Once a framework has been established and data has been collected, many strong programs continue to evolve by establishing goals and measurements of success.
Useful goals should be:
- Well-defined: Address the strategies the department will employ to use department resources most effectively, and explain how the department will improve services for constituents. Some examples of specific goals would be to reduce overtime, increase acres of land using cover crops, or reduce error rates in the administration of benefits.
- Measurable: Ensure that you are able to measure your results to show you’ve met (or not met) your goals. Being able to align data with your goals brings credibility to your efforts.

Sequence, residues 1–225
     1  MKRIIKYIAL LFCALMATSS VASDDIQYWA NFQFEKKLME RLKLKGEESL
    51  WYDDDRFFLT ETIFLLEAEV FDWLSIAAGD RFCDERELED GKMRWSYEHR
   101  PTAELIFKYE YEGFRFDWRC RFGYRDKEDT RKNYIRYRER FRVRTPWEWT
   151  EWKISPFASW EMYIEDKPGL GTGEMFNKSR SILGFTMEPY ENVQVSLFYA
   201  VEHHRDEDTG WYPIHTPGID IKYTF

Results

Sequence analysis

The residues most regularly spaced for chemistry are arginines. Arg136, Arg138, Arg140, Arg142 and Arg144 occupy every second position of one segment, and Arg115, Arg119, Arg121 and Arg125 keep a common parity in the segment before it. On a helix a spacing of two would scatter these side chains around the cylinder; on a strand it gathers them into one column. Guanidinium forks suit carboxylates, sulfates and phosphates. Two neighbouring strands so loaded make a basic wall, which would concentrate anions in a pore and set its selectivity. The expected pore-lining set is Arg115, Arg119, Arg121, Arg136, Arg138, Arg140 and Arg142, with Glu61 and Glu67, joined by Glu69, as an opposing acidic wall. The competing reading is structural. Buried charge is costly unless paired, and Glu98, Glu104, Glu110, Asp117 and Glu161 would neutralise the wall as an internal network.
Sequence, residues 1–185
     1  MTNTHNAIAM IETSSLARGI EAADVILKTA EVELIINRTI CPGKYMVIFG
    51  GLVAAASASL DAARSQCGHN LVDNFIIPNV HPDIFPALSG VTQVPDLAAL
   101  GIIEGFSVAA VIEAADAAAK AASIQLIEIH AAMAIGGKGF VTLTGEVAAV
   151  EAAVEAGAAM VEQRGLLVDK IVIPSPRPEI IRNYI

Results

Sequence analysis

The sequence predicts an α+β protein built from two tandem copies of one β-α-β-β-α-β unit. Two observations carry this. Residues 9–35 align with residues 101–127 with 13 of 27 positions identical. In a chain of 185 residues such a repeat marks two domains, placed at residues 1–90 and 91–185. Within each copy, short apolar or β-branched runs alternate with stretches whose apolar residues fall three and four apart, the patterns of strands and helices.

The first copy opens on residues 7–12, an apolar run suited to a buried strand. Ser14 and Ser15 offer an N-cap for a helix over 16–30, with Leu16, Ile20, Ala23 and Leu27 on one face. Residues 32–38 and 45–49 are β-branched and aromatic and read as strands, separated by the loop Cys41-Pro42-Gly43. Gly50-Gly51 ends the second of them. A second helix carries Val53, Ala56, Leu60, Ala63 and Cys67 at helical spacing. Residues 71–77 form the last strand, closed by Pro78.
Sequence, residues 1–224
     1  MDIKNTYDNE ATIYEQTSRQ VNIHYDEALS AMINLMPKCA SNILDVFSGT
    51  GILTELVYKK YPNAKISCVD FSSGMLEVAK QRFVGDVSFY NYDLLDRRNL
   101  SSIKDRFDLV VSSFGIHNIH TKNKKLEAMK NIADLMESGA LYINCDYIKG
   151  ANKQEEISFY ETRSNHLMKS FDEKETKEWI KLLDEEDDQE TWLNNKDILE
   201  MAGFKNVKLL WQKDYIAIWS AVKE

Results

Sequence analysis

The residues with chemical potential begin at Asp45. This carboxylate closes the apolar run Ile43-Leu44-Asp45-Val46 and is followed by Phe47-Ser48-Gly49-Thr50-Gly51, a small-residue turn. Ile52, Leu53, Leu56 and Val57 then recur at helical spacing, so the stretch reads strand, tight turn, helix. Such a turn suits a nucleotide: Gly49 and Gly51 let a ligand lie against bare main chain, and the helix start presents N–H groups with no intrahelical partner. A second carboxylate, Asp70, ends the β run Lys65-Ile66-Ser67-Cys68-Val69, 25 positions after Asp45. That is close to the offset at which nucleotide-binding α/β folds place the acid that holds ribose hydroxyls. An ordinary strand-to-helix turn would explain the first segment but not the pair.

- Clear about timeframe: Giving each goal a timeline improves accountability internally and externally. Build in time for reevaluation, progress reporting, and check-ins.
Short, Intermediate, and Long-Term Goals
These goals are loftier, and can be achieved in the next four to 20 years. Driven by outcomes that are easily identified and of high value, equally, among government stakeholders and the public. These goals are most effective if they create a forcing mechanism for cross-department, or multi-departmental collaboration.
- Reduce violent crime by 20% by 2025
- Decrease the infant mortality rate by 10% by 2025
- Improve 8th grade reading and math test scores by 20% by 2022